There is no doubt in my mind that full grown pigs are the ugliest animals on the farm. They’ve got stunted snouts, bristly hair, sandpaper-rough skin, flabby haunches, awkwardly pointed mouths… they’re just unattractive. Not only that, but they smell to high heaven and any time you go into their pen they nibble curiously at your shoes, which wouldn’t be so bad except that, without a proper shooing, they’ll quickly develop a taste for leather boots and go for a full on chomp. I can’t even begin to embrace the width of their acoustic production, a category which is rife with sounds as diverse as the throaty grunt and the shrill, intolerable squeal. Even the various titles which we use to refer to them hint at the creatures’ comeliness; pig, hog, boar, sow, etc. They are words that seem to be derived directly from the grunting language of the pigs themselves.

Despite all that, if you asked me to assert which is the cutest animal on the farm, I wouldn’t hesitate to put forward the infant version of this same animal. It may seem strange that a creature can develop from an absolute delight into an unmitigated irritant, but it’s true. For some reason the stubby nose on a piglet is endearing. Their grunts sound almost like giggles. They squeal, but it makes you want to offer protection rather than cover your ears.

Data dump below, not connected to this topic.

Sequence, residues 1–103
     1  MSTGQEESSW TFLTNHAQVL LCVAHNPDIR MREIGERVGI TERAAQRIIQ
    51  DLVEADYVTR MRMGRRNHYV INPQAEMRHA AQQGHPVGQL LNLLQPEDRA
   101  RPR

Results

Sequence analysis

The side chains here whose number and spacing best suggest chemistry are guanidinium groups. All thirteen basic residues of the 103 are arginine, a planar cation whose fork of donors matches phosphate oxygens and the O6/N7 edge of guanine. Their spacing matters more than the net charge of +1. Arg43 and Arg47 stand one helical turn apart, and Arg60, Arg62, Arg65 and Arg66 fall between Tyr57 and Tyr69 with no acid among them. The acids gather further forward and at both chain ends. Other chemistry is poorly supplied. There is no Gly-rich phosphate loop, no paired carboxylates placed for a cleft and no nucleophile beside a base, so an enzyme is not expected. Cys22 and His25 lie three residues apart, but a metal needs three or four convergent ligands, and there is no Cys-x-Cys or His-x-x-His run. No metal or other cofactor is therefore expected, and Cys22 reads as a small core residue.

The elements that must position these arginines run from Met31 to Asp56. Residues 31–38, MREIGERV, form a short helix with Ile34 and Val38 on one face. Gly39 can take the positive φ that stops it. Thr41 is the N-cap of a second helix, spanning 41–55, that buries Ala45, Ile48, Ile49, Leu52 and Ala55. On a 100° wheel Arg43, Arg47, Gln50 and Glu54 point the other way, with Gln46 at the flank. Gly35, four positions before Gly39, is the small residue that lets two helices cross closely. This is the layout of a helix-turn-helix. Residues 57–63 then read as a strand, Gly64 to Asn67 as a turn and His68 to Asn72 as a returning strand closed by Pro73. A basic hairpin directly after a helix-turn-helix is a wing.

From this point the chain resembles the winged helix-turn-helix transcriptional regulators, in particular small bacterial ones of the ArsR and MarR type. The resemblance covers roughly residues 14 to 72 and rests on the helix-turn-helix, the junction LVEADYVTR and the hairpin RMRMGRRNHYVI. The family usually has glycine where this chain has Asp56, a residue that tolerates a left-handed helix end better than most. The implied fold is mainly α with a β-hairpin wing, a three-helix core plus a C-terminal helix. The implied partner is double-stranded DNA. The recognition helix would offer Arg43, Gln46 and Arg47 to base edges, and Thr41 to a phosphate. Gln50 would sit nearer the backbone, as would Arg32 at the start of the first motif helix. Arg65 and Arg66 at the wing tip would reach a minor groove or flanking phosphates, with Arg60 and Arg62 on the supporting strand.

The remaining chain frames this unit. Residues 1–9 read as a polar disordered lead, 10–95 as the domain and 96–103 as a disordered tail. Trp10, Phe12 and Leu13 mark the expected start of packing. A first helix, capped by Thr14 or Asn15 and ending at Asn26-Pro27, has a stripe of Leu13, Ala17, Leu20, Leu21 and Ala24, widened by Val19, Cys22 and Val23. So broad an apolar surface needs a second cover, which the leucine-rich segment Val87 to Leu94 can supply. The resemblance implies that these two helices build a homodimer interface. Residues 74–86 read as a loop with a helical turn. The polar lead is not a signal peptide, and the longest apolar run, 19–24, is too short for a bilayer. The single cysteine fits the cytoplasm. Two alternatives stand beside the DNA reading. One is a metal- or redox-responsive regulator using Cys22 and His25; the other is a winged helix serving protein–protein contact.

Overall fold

We don’t farrow pigs here on the farm. Normally we only raise feeder pigs, meaning they are several weeks or months old when they come to us. One of our sows must have arrived on the farm pregnant because when we went to sort the pigs out a few months ago, we were surprised to find that she was certainly carrying a litter. We made her a cozy nest of hay in one of our mobile shelters and covered the entrance with a tarp to keep out the cold drafts. Sure enough, about two weeks afterward she gave birth to eight of the cutest little creatures I’ve ever laid eyes on. I don’t know exactly what quality it is that makes infants so appealing other than their total need, both physically and emotionally, for protection and provision. Once that obvious need is gone, I find that much of my patience diminishes too. For now though, these guys positively reign in the cuteness department (though Amy and Jamie’s son Levi gives them a run for their money).